A new year always seems to bring with it a renewed motivation to push forward, try new things and settle into good routines. After the disruption of Christmas and two kids birthdays, we’re about ready for some normality and I am determined to make this a good year, no matter what else might be going on.
I know that 2021 is going to be a challenging year and that my resolve will be tested along the way. Another year of lockdown will push us to our financial limits, it will mean that our children still don’t get an opportunity to form friendships here. It will be a year of make do and mend, making the most of time spent together, learning new skills and using them to move forward with our lives.
Okay, so that doesn’t really sound all that different to the last couple of years!
It is a little daunting though and I am sure like many people across the UK and indeed the world, it is difficult for us to plan for the future, when so much seems uncertain.
Our little family has faced difficult times before and for me, the only way to deal with them, is by digging deep, finding all of the stubborn determination that you can muster and ploughing on.
Fortunately, the year has kicked off with a week of sunshine to lighten our spirits and we once again find ourselves so grateful to be here.
I needed to get my basket making head back on, so I started by looking through my stores of plants. Opening up the carefully wrapped packages, always releases a wonderful aroma of our first summer in the Orkney Islands. All of the leaves and stems are still in perfect condition and I could feel it awakening my creativity. The beauty of the natural world around us, is so inspiring and I hope that I can do these little treasures justice, as I weave them into baskets.
I decided to begin by working with the honeysuckle vine, that I collected in early autumn. Already stripped and ready for use, the flexibility of these stems lend themselves perfectly to basketry.
I wanted to get stuck into learning new skills straight away. The run up to Christmas, had meant that there was no time for experimenting or development, so I have been craving the chance to try out some new basketry techniques.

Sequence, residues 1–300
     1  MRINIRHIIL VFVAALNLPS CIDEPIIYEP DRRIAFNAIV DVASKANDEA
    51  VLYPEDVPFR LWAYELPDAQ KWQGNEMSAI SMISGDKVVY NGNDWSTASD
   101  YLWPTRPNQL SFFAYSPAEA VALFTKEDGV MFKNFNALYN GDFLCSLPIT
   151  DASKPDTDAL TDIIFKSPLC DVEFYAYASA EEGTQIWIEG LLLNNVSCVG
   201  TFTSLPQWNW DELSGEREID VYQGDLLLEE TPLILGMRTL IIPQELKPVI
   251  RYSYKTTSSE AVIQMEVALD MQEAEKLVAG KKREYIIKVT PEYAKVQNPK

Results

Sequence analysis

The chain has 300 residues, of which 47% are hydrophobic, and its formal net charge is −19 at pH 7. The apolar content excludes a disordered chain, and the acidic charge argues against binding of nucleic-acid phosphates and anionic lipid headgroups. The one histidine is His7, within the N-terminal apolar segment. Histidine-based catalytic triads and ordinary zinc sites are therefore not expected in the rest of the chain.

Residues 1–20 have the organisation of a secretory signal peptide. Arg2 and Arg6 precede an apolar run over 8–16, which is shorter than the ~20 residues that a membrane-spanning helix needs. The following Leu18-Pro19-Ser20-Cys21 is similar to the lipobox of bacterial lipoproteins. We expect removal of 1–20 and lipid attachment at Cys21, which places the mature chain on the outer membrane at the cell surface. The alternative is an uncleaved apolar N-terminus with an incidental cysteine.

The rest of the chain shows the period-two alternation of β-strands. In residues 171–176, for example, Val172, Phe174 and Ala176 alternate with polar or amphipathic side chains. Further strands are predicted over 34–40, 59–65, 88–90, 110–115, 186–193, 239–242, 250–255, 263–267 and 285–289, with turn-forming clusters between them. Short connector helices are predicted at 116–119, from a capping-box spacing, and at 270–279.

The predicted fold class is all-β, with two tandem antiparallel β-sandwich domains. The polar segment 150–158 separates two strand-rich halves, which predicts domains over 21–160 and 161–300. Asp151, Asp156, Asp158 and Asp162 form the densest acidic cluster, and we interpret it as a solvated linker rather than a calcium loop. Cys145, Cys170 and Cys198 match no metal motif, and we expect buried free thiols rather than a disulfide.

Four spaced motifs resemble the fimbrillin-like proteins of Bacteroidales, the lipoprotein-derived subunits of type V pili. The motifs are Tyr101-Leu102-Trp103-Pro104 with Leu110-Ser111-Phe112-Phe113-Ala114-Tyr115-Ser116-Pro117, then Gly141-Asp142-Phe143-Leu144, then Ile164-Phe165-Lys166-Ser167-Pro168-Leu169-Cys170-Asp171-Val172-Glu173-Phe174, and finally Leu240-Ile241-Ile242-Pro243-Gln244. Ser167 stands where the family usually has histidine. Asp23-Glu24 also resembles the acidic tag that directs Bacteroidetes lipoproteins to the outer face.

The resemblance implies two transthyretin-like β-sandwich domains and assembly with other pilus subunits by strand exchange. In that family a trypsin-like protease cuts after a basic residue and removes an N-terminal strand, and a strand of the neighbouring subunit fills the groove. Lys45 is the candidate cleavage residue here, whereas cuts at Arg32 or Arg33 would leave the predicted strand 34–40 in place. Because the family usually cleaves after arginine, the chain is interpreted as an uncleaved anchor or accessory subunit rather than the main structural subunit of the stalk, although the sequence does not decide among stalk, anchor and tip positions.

Working in the early hours, when the house was quiet and still, I got stuck in. I usually learn by trying things out, trusting my instincts rather than following instructions. It helps me to find the questions that I need answering and then I can look for solutions to any specific problems that I have.
I did a lot of work with coil basketry last year, something that I will continue. It lends itself easily to lots of different options when you get to the border. I am a lot less confident with how to finish woven baskets, so I will research some different traditional techniques and then adapt them in my own way.
I really enjoyed working with the honeysuckle, so I will make the most of the stores that I have and hopefully produce some for my shop.
Although I really love the winters here, with the golden winter sunshine and the power of the rough seas, I am eagerly awaiting spring, so that I can start gathering once more. Plants for basketry, plants for dyes, plants for paper making and any other crafts that I can think of!
As well as the wild plants that grow naturally on our land, this year I will be preparing and using a part of our garden, to grow some plants specifically for dyes and weaving. I have picked out a spot where they will be fairly sheltered from the worst of the Orkney winds.
I haven’t only got to learn new skills in natural crafts this year. I have also got to learn how to produce my own You Tube videos, so that I can share my skills. A much more daunting prospect than working with plants, but I am sure that it will be rewarding in a different way and I hope that it will be helpful to others as they work through this year of unknowns.